DH is already acting like we're on a countdown and is trying to pack in as many family holidays etc as he can. He's gonna be a nightmare whern they go!

Dawndonnaagain Mon 17-Mar-14 08:37:44

wordfactory watch out, one of my twins changed courses, so one is off to uni next year, the other a year later!

wordfactory Mon 17-Mar-14 08:40:54

Dawn I think DH would secretly love it if we kept one or botrh an extra year for whatever reason wink...

Funnily enough he works very long hours and is often away. Since I'm the one stocking the fridge and washing PE kit, I'm less traumatised by the idea of it!

That said, I'll probably spend my time sobbinbg into the empty layndry basket...

claraschu Mon 17-Mar-14 08:43:32

My oldest left home this year. He is back for a holiday, and having him here just feels so right. It's like I haven't noticed how lonely and unbalanced our family has felt for all these months, and this is just like coming home after a very long trip.

slartybartfast Mon 17-Mar-14 08:47:02

sad flowers

doitmyself Mon 17-Mar-14 08:51:32

3 of mine have flown but two of them are boomerangs. One is finishing his degree soon and plans to live at home while doing a PhD, the other is completeing his first year at uni and wans to move back home to save rent money!
Course I missed them when they were gone but I've given them lectures on how they are now adults and if they live here it will be like a house share so I do not wish to be 'mum' with the nagging and doing everything!
It is sad the day they go and you get pangs over the in-jokes but you get used to it very fast.
Then they come back....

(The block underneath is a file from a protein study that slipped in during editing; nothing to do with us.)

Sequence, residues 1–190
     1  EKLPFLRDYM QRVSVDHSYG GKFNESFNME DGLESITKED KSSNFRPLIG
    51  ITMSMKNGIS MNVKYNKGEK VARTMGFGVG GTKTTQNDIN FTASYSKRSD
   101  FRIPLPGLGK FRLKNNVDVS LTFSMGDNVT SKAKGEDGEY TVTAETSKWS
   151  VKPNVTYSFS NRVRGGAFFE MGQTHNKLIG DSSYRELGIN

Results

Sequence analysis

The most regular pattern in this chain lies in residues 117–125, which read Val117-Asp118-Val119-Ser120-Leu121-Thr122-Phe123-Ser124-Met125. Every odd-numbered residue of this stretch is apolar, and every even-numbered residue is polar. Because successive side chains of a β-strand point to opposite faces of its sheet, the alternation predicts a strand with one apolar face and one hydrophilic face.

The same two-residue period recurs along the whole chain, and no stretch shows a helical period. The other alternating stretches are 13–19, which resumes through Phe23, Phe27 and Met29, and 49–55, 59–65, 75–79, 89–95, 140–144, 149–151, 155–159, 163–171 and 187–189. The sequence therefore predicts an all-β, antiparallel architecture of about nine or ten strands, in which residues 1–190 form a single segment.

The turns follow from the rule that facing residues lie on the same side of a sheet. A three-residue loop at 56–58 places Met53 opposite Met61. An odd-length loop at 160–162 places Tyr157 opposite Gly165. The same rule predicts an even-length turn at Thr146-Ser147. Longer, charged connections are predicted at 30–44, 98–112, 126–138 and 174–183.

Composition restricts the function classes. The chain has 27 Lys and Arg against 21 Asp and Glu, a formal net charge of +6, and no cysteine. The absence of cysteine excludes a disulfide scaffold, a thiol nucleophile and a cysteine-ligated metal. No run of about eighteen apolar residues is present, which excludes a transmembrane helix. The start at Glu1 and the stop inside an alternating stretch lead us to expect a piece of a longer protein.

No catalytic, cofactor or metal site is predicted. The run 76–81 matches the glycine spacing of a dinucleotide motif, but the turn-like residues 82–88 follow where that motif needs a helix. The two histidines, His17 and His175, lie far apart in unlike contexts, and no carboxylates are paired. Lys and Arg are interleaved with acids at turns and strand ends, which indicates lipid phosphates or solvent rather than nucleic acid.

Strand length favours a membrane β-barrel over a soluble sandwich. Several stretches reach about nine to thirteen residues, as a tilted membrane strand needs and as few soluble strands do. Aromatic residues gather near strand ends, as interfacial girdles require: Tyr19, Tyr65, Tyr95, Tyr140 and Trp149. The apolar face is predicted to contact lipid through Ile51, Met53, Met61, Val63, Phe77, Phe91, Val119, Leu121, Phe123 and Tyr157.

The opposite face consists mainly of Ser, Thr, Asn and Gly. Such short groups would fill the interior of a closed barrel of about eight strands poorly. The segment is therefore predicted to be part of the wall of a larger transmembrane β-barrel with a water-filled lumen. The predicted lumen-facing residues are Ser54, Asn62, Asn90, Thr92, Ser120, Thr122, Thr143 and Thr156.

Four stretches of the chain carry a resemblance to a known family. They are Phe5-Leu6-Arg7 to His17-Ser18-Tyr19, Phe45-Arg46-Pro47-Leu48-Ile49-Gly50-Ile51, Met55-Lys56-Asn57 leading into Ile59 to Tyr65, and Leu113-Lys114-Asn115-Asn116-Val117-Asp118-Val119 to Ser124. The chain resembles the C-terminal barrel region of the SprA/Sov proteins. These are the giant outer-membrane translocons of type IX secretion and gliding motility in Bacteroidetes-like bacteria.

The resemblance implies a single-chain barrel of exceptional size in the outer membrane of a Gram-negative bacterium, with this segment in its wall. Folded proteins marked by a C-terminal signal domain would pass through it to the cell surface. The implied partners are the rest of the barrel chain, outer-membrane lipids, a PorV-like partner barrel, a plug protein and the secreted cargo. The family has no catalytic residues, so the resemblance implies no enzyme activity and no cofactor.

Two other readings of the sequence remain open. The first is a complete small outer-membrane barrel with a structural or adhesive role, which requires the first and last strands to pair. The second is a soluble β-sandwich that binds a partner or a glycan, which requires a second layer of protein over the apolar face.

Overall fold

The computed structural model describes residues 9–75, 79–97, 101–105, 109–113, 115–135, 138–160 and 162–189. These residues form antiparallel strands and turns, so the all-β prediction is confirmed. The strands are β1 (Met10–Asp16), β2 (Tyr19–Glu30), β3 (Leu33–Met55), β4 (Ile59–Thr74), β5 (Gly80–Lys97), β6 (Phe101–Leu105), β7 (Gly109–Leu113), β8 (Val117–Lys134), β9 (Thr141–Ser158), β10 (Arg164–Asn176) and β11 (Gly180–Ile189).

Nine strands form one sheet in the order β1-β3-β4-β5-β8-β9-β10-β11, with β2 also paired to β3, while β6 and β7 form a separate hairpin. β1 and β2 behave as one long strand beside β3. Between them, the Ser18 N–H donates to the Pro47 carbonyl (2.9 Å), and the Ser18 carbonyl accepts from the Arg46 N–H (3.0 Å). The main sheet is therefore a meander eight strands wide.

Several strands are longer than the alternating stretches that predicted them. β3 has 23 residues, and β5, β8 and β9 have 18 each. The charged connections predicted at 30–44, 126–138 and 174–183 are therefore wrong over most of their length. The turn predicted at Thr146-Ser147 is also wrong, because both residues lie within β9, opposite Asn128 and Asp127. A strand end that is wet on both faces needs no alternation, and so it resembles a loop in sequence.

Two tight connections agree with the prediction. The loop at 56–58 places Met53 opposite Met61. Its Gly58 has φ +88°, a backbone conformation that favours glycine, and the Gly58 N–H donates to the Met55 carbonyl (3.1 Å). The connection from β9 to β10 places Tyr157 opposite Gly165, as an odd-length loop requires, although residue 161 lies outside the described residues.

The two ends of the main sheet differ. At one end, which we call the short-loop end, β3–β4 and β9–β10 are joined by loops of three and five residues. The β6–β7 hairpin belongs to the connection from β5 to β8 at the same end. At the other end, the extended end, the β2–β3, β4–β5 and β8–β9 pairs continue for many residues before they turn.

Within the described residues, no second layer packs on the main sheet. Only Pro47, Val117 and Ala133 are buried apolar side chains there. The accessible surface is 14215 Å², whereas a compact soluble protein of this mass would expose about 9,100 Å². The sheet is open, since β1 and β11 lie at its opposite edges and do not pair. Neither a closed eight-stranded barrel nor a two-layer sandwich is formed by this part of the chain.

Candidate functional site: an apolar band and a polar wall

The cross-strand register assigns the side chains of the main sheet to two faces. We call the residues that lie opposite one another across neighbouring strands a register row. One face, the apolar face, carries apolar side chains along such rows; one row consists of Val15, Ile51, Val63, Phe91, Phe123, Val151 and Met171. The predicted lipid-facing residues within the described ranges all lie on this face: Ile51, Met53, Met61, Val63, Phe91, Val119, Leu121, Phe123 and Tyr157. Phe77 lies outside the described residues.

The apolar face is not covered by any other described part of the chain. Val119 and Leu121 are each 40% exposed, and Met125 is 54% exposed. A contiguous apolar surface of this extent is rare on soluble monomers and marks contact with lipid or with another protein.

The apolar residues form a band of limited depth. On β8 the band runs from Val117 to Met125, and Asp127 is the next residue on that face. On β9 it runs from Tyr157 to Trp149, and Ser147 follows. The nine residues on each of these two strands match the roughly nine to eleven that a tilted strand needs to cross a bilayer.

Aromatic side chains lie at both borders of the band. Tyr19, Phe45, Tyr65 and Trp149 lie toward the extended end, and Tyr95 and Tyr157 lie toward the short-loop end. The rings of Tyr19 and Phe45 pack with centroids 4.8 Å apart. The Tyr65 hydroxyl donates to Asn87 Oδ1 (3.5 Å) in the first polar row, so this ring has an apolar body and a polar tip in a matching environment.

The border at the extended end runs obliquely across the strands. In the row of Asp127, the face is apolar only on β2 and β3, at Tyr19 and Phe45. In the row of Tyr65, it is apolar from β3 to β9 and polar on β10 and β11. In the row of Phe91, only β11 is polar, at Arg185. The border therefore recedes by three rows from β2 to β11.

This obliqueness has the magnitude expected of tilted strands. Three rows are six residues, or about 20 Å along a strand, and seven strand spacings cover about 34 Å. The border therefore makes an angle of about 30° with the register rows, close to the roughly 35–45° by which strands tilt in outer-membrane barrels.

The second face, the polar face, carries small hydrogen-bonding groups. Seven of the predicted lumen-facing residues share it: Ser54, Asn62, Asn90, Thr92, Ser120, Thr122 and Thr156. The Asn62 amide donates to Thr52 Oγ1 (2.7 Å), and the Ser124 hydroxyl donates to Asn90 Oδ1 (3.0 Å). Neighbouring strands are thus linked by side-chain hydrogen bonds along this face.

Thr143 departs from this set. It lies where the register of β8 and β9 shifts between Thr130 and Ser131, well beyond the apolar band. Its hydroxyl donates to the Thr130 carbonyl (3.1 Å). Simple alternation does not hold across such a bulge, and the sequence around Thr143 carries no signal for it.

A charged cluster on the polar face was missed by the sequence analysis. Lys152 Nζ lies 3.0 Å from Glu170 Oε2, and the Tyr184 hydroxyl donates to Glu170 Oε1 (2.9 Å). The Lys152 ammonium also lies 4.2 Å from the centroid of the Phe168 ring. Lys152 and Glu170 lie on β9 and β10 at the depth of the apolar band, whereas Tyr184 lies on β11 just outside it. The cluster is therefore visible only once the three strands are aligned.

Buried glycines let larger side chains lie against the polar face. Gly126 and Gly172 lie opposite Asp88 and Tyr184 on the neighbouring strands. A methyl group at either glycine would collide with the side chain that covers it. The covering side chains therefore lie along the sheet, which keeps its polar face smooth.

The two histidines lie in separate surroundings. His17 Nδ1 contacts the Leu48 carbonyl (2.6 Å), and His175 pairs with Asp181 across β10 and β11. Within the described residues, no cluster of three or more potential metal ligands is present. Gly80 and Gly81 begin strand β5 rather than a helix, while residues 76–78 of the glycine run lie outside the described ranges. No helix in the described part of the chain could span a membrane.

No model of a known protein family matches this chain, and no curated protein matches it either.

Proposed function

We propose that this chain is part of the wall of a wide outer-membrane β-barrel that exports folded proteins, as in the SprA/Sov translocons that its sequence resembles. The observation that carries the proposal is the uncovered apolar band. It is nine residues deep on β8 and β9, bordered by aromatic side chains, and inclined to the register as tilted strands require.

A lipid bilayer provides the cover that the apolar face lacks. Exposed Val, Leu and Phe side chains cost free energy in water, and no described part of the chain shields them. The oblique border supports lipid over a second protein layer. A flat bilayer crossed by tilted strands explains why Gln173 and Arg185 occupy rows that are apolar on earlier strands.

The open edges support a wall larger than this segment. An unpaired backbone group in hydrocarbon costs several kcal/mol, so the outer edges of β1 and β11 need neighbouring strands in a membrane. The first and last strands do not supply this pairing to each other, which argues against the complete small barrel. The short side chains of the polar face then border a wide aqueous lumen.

cashmiriana Mon 17-Mar-14 08:54:58

My teen is great - pleasant, hardworking, polite, funny etc. I shall miss her horribly when she goes. But at the same time I am insisting that she does go away to university. I don't want her living at home - she'll be an adult and we'll all need the space / independence / privacy.

My main worry at the moment is that I am becoming over invested in her subject choices. Trying very hard to back off and let her make her own mistakes choose her own courses.

Clobbered Mon 17-Mar-14 08:55:07

2 of mine at uni now, and I've just about got used to it. Suffering the pangs all over again though with my eldest as I'm realising that he will be going properly this Autumn, having got himself a job in his uni town - he'll be moving into his own place and that will be home from now on. No more long uni holidays….sob.
However, bonus for today is that he's coming home tonight smile

Bonsoir Mon 17-Mar-14 09:11:20

Something that happened to me when DSS1 had passed his bac, IELTS and we knew he was off to university, after a very intense year at school - I suddenly saw him as no longer a school child who needed my support, but as an adult whom I should no longer support materially. All that food shopping/cooking/washing etc suddenly made me feel massively resentful. And when he comes back for holidays I no longer want to take care of him.

They do grow up - and you no longer want to look after them!